Star Living: The Next Frontier

From its humble beginnings as a two-man show to a medium enterprise that integrates furniture design, manufacturing, retail and export all under one roof, local brand Star Living has grown from strength to strength by capitalising on technology to innovate on all fronts of its business – not least on the digital platform. In this article, Star Living Group Corporate & Retail Director Xu Xue Ting shares some insightful tips on e-commerce and digital marketing strategies that have worked for the brand, and how they hold fast to their brand values even as they go digital.

Could you tell us a little about how Star Living began? 

Back in 1981, it was just a two-man show that my father and his brother had set up called Ngoh Hock Furniture Maker. Ngoh Hock means ‘five fortunes’ in Hokkien, as my father named the company after his family of five brothers. My father and uncle would go out and buy panel and wood, and they would use their own bare hands to make furniture. It was very small-scale. They started by supplying to small HDB furniture shops, then the business slowly grew to become a sizable wholesale business.

Eventually we branched into retail and production, and somewhere down the road we rebranded it to what it is today. And now, after 40 years, we are an integrated furniture designer, manufacturer, retailer as well as exporter.

Star Living has an extensive network of physical stores as well as a rather strong web presence. What was the journey like in setting up your e-commerce platform?

We started our e-commerce store in 2013, because we recognised that having an online presence was very important even back then. Our first site in 2013 had been built from scratch, but it was not user-friendly and the data was not synced to our inventory system. So whenever we had transactions coming through whether online or in our physical stores, we needed to manually update the stock level on the website. Considering that we had several hundred products, it was a very tiresome process.

In 2016, we revamped the whole website and moved onto a Shopify platform. We built an API (application programming interface) that could sync all the sales and all the data with our SAP (Systems Applications and Products in Data Processing) system. That became so much more seamless, and we no longer have to manually update the stock information.

Now, five years on, we’re planning our next revamp to improve the user experience on our website. There are many brands and companies out there in the market that are running very good e-stores, so we would like to learn from them. We hope to improve our video and photo content, as well as the customer journey and site experience.

What role does your webstore play in facilitating sales and the customer relationship?

We see our online store as a complementary platform to the physical store. We find that a lot of customers browse online, and then head out to our stores when they find something that they like. Or vice versa, they may go down to a store, then they may shop around at other shops. And when they are ready to make the decision they can opt to buy online out of convenience.

What is the proportion of sales that are closed online compared to in-store?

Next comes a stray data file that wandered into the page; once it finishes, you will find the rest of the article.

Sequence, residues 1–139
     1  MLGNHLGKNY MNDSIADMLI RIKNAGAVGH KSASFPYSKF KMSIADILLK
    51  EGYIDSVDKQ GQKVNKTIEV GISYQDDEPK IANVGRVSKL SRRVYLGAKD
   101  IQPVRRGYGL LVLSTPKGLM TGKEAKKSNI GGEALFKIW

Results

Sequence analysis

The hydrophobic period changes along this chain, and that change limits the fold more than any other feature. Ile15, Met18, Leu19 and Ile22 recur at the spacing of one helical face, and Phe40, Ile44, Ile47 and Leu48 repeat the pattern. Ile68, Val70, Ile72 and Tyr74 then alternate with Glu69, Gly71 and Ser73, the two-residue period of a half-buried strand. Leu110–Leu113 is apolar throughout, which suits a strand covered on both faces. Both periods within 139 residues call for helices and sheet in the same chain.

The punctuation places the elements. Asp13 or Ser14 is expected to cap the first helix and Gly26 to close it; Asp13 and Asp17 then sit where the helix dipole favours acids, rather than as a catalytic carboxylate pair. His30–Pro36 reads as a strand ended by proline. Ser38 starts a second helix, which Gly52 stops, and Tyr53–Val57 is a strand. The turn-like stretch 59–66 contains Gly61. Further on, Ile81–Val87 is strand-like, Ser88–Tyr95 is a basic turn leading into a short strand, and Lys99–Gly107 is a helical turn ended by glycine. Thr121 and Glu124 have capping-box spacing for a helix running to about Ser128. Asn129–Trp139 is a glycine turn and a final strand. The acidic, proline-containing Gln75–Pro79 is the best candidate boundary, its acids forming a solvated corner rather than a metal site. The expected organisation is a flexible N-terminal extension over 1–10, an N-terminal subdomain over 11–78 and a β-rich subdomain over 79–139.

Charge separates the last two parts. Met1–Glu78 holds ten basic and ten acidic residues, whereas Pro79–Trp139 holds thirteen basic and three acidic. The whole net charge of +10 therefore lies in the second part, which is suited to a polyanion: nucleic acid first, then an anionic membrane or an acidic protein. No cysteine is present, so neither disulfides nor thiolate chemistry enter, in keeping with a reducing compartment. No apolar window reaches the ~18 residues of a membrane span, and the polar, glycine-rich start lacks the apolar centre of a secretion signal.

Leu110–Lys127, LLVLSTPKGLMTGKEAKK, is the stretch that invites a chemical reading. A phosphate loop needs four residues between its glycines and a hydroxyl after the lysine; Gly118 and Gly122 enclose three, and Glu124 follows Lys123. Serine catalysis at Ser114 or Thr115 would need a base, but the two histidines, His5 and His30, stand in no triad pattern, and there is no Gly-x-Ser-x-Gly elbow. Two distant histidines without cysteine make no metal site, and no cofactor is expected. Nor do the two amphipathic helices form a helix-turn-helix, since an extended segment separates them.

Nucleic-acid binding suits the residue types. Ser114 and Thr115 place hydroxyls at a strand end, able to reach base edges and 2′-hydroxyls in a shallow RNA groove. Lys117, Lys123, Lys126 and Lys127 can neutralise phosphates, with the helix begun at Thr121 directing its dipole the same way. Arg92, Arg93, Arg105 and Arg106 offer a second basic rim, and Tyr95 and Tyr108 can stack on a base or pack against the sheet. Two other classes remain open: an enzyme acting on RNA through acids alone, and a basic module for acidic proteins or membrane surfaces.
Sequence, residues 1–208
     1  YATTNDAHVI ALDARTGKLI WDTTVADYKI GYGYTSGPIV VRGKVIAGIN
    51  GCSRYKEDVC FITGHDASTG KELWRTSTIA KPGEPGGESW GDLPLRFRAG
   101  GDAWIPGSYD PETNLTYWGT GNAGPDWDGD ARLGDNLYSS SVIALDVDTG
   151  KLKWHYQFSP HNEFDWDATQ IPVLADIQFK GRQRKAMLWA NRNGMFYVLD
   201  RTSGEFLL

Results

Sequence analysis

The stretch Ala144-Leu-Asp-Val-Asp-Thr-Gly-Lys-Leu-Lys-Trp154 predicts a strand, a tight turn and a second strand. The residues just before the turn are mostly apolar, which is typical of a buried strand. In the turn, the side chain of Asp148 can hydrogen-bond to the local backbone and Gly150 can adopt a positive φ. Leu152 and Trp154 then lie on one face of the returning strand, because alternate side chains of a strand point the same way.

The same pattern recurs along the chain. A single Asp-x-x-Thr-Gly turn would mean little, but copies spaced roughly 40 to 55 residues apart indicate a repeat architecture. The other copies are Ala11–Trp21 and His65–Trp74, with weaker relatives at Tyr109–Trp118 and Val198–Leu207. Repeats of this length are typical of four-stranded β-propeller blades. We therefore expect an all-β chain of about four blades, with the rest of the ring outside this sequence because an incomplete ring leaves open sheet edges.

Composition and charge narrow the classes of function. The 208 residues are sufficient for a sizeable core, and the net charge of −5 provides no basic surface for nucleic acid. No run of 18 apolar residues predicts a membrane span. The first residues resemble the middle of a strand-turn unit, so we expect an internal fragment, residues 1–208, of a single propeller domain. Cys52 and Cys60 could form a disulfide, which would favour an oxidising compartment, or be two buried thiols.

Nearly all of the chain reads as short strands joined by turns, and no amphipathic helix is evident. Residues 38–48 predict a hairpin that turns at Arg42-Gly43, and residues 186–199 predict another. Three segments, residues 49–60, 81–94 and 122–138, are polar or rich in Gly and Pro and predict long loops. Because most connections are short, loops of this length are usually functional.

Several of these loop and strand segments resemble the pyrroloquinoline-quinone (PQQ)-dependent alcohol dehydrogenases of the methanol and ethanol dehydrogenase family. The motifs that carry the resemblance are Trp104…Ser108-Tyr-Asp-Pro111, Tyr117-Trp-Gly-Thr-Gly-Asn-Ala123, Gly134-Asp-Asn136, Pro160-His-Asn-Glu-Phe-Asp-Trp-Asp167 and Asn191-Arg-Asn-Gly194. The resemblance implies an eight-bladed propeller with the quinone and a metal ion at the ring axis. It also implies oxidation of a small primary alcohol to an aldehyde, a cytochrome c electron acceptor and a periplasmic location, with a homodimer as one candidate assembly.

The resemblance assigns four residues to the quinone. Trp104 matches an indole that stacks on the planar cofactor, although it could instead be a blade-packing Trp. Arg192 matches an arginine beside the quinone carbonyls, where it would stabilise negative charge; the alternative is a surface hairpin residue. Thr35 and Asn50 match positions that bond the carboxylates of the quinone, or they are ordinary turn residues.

At less than 3%, our online sales are still a very small percentage of our total sales. But based on the data that we get from Google’s tracking software, we know that many of our customers actually visit our store after seeing us online. We work with a digital agency to use a software that tracks customer behaviour if their location services are switched on. While the numbers may not be 100% accurate, it gives us a good sense of whether our digital efforts are working.

The Mars Dining Chair, one of Star Living’s more popular products on its online store.

What kind of services does the agency provide? Is it things like SEO (Search Engine Optimisation) as well?

Yes – SEO, SEM (Search Engine Marketing), and GDN (Google Display Network). And whenever Google has new tools, our agency would recommend it to us if they find it relevant for our business. We are currently exploring with them on how to use YouTube for our digital assets.

Can you share a little bit about what Star Living has in the pipeline for that?

Since last year, we’ve been focusing on creating more digital content. We have a marketing team that creates our photo and video shoots in-house, and so far we’ve been rolling out one or two videos per month centred on different themes. With all this content that we have on hand, we’ve been doing quite a bit on social media platforms like Facebook and Instagram.

Our agency recommended that since we have so much digital content, we can put it into nice, attractive videos and branch into running some campaigns on YouTube. We are doing some studies on this before we start. Personally, I hate it when ads pop up when I am on YouTube. So I’m a bit sceptical, but still open to trying out what the digital agency has got to offer.

How do you proportion your marketing spend between physical and digital marketing?

We spend roughly 30% on physical ads – that being newspapers and magazines – 50% on digital, and we leave another 20% for events or other kind of advertising like radio and outdoor.

5 to 10 years ago, we used to spend more than 50% on physical ads, especially newspaper ads, but we have cut down a lot of that and channelled the resources to digital marketing instead.

What is your social media strategy like? Is that something that your digital agency advises you on as well?

We handle our social media mostly by ourselves. Apart from creating a lot of digital content, we have a thematic approach that changes monthly. Every month, we come up with a theme which our campaigns, promotions and features will be based on.

For example, this month is on beddings in conjunction with World Sleep Day. Last month it might have been on, you know, Work from Home. We try to have different themes every month to showcase the variety of products that we have.

The marketing team and I work very closely together. And fortunately for me, my team comprises fairly young people between their late 20s to early 30s. So they are quite savvy, and they are always on the lookout for what’s new in the market, what’s new outside in other industries, et cetera. Sometimes we work with other agencies on an ad-hoc basis as well.